Where did my weird phrases come from?

When I write a paper in English class, I am required by the Academic Honesty policy to cite the ideas or words that aren’t my own.

Shouldn’t I have to do this in real life too?

I’m noticing that lately I’m using a lot of phrases/words that I picked up from other people. It’s kind of funny. I feel like I should give some of these people credit–cite them for giving me their words.

(For some, I’m not sure who I got the phrases from. If it’s you, let me know.)

“I feel like”–Michelle L?
“Can we talk about…”–Michelle L?
“Foreal”–Caroline L
“Oh man”–Nathan
“&*%#&@”–probably Nathan
“I’m not gonna lie”–who did this originate with? (And I haven’t started saying it yet, but I’m sure I will soon.)
“What’s the deal with…?”–definately Jerry Seinfeld
“OMG” (as in saying the letters O, M, G)–Tanya Spektor, a long time ago
“Sexy kavanah”–Elyse
“Spooning”–Hannah Heller? Rachel Hilker?
Haha, I’m sure there are plenty more.


7 thoughts on “Where did my weird phrases come from?

  1. Lia you are the coolest! I miss you! I’m a regional board wannabe/reject so I was at Board Weekend in spirit, and I saw you there! Except not really. I told Sarah to say hi to you! Guess what….IC in 3 and a half months, and we’re SENIORS!


  2. I like how I got credit for &*%#&@, even though I’ve never said that before…
    How do you pronounce that anyways?

  3. Hey I know this has nothing to do with your entry, but hi, it’s Monique, the internetless wonder thanks to the crappiest network in college USA. I knew I should have studied harder and gotten a full ride to Harvard. Sure, I’d be miserable, but I would have internet! Ask your techie friends why my Trillian works and not my internet explorer.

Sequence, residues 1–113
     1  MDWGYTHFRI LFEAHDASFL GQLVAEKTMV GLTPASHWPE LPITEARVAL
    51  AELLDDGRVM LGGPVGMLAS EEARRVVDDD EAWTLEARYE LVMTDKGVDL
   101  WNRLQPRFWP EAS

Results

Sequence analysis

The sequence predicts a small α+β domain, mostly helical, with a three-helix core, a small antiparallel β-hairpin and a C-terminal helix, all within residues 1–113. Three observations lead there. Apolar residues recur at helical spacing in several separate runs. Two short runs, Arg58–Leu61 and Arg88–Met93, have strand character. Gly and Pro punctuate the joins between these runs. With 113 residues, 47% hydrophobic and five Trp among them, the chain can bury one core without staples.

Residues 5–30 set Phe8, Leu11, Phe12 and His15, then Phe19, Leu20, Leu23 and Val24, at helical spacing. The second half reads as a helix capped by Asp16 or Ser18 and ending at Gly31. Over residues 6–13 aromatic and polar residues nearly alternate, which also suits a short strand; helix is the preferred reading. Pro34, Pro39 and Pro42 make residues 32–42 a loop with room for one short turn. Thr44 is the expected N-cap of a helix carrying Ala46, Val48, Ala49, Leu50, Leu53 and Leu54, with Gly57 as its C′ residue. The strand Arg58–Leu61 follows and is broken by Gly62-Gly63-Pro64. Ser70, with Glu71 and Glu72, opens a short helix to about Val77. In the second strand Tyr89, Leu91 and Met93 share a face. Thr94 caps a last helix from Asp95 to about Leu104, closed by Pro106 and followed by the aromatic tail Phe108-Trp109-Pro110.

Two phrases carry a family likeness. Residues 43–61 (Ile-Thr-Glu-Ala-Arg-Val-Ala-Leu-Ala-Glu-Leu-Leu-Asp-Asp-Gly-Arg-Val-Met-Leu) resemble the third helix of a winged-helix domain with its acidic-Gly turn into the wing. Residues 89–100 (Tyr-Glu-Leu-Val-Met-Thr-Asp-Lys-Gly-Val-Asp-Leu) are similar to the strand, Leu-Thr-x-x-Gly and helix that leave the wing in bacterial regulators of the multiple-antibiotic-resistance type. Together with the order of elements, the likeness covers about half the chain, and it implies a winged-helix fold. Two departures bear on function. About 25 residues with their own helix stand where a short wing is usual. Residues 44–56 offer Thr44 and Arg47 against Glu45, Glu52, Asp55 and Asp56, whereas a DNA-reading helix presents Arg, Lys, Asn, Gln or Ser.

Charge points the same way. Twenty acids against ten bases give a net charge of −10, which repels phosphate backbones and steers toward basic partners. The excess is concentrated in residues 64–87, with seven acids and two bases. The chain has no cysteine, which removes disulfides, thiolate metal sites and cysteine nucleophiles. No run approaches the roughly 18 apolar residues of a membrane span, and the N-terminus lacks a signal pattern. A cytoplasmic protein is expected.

4. i think implementing a system of citation during everyday conversation is genius. we should give it a shot. all we need is a specific format to use, and when some unfortunate ignorant uses a wrong (though perfectly comprehensible) method of communicating the original author/speaker we shall mercilessly cut them off and prevent them from finishing their sentence. and perhaps not ever let them speak again. that would definitely teach people to communicate ideas. this system would be an overbearing part of speech, since really any idea expressed by anyone has probably been previously expressed. i learned this at the tender age of 4 or 5, when my brother came up with a joke that we both thought was perfectly genius and unique, and then the next day he discovered-while eating a popsicle- that some bastard had already spread “his” joke to thousands of sugar-addicts around the globe. it was unbelievably depressing, but taught me an important lesson: creativity does not exist.

    therefore, everything we say AND do should be cited.


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